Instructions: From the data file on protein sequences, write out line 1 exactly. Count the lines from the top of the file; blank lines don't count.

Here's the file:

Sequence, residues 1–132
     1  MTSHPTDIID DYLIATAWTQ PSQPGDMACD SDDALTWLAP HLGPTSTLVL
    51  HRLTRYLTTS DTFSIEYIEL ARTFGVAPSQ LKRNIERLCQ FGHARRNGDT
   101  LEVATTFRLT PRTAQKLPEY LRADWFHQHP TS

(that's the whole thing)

Sequence, residues 1–132